Quantcast
Environmental News for a Healthier Planet and Life

New Study Finds Climate Change Denial Received Disproportionate Media Coverage for Decades

Climate
New Study Finds Climate Change Denial Received Disproportionate Media Coverage for Decades
Mainstream news outlets gave disproportionate coverage to climate denial and opponents of climate action for nearly thirty years, a new study found. Dunk / Flickr / CC by 2.0

Mainstream news outlets gave disproportionate coverage to climate denial and opponents of climate action for nearly thirty years, a new study found.


The research, published Monday in the Proceedings of the National Academy of Sciences, used plagiarism detection software to detect coverage of 1,768 press releases from 1985-2013 across nearly 35,000 articles in the New York Times, Wall Street Journal, and USA Today.

"The way climate change has been covered in the media could help us understand why there's so much public disengagement on this issue," Rachel Wetts, the study's author and an assistant professor at Brown University's sociology department, told the Independent.

Even though just 10% of all press releases contained messaging against climate action, they were twice as likely to garner coverage.

Edward Mailbach, director of the George Mason University Center for Climate Change Communications, called the study's conclusions unsettling.

"Rather than marginalize self-interested voices and give prominence to expert voices, these papers did just the opposite," he told Grist.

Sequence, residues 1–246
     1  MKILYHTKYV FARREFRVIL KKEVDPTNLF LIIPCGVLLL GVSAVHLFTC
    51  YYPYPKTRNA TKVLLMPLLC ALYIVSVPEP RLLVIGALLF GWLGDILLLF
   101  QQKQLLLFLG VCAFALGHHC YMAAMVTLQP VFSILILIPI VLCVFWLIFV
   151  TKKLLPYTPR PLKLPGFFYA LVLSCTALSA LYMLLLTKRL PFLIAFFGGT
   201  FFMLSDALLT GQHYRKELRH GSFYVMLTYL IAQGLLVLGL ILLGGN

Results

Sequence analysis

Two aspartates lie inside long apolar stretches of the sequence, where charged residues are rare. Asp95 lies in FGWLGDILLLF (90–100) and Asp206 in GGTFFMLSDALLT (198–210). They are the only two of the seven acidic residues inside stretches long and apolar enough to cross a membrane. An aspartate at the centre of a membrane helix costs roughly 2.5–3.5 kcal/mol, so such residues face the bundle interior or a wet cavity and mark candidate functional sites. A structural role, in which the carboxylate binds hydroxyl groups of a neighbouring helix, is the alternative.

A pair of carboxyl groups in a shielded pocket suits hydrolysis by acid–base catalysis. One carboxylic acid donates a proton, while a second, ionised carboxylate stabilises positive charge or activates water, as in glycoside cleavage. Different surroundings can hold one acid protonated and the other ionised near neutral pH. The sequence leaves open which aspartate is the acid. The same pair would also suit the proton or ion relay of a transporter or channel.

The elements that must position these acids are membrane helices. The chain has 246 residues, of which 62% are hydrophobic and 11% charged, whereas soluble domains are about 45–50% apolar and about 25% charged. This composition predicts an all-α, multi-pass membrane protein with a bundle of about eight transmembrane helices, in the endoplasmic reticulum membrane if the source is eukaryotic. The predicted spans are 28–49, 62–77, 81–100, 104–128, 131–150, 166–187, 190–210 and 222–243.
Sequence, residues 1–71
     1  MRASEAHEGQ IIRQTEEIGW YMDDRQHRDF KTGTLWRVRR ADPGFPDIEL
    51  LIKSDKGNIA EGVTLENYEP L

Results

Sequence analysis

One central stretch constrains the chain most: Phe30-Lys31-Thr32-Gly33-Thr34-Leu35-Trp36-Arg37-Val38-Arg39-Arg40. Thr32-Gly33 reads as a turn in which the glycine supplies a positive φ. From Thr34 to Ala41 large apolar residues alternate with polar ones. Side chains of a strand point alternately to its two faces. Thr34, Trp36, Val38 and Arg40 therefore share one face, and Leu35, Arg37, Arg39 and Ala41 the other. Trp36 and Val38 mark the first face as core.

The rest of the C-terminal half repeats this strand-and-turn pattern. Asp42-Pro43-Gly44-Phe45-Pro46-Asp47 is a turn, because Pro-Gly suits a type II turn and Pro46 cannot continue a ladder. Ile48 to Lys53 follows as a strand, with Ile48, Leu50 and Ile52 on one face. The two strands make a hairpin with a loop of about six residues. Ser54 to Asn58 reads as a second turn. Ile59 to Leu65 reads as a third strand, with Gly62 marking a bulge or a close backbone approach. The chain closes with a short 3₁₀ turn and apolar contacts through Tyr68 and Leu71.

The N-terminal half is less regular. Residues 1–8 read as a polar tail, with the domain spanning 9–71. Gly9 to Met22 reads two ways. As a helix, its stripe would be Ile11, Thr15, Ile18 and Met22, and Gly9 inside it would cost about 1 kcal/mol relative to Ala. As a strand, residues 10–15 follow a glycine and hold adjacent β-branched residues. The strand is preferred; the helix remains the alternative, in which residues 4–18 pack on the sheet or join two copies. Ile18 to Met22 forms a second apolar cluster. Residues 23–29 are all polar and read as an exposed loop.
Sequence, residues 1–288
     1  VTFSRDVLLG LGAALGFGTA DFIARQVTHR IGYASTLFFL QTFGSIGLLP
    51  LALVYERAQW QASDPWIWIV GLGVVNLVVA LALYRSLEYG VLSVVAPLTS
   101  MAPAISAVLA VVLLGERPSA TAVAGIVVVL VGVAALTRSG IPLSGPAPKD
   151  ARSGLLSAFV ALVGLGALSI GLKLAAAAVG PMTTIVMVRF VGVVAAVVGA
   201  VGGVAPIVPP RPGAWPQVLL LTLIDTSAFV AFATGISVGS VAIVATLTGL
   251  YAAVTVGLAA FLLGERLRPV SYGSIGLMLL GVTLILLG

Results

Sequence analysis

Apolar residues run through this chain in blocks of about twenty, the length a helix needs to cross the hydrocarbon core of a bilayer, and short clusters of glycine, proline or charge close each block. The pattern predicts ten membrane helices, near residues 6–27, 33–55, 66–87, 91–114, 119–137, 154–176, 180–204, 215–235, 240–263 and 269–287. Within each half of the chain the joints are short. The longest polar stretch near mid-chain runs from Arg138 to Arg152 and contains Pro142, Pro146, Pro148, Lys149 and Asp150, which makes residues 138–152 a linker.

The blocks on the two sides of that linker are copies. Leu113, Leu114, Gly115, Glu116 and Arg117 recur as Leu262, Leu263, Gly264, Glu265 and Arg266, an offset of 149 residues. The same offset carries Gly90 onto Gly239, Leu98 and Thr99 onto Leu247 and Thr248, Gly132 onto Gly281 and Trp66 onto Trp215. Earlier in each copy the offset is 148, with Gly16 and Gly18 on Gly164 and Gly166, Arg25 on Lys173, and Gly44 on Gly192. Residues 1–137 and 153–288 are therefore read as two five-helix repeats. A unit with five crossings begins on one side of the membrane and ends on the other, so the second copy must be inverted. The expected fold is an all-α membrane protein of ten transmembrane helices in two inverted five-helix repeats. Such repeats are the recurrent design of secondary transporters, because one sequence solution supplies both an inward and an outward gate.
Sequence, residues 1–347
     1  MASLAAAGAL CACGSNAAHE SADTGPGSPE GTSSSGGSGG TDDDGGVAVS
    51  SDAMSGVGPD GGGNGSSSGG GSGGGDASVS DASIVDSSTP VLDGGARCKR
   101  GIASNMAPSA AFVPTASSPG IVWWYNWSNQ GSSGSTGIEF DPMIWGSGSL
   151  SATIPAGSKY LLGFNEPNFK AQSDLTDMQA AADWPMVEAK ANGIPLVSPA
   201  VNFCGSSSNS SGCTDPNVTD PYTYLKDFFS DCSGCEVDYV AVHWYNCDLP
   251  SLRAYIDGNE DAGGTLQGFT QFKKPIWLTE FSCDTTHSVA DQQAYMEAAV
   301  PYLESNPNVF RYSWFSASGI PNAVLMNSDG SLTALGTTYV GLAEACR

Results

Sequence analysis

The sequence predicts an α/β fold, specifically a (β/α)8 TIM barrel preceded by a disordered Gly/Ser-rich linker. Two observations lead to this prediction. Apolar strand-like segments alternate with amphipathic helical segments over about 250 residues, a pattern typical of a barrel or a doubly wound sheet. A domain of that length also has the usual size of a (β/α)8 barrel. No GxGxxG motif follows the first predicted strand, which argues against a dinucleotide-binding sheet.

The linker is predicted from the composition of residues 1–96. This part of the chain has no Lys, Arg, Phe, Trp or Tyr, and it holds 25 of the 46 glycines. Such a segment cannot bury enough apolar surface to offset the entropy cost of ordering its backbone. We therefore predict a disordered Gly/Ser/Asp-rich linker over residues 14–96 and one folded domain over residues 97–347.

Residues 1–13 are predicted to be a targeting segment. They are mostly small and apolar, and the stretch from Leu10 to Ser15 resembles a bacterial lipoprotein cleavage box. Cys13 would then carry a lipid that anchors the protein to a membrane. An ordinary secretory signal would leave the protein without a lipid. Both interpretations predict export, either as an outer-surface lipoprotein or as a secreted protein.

For a deeper dive:

The Independent, Grist

For more climate change and clean energy news, you can follow Climate Nexus on Twitter and Facebook, and sign up for daily Hot News.

Sunrise over planet Earth. Elements of this image furnished by NASA. Elen11 / iStock / Getty Images Plus

On Thursday, April 22, the world will celebrate Earth Day, the largest non-religious holiday on the globe.

Read More Show Less
EcoWatch Daily Newsletter
NASA has teamed up with non-profit Carbon Mapper to help pinpoint greenhouse gas sources. aapsky / Getty Images

NASA is teaming up with an innovative non-profit to hunt for greenhouse gas super-emitters responsible for the climate crisis.

Read More Show Less
Trending
schnuddel / iStock / Getty Images Plus

By Jenna McGuire

Commonly used herbicides across the U.S. contain highly toxic undisclosed "inert" ingredients that are lethal to bumblebees, according to a new study published Friday in the Journal of Applied Ecology.

Read More Show Less
A warming climate can lead to lake stratification, including toxic algal blooms. UpdogDesigns / Getty Images

By Ayesha Tandon

New research shows that lake "stratification periods" – a seasonal separation of water into layers – will last longer in a warmer climate.

Read More Show Less
A view of Lake Powell from Romana Mesa, Utah, on Sept. 8, 2018. DEA / S. AMANTINI / Contributor / Getty Images

By Robert Glennon

Interstate water disputes are as American as apple pie. States often think a neighboring state is using more than its fair share from a river, lake or aquifer that crosses borders.

Read More Show Less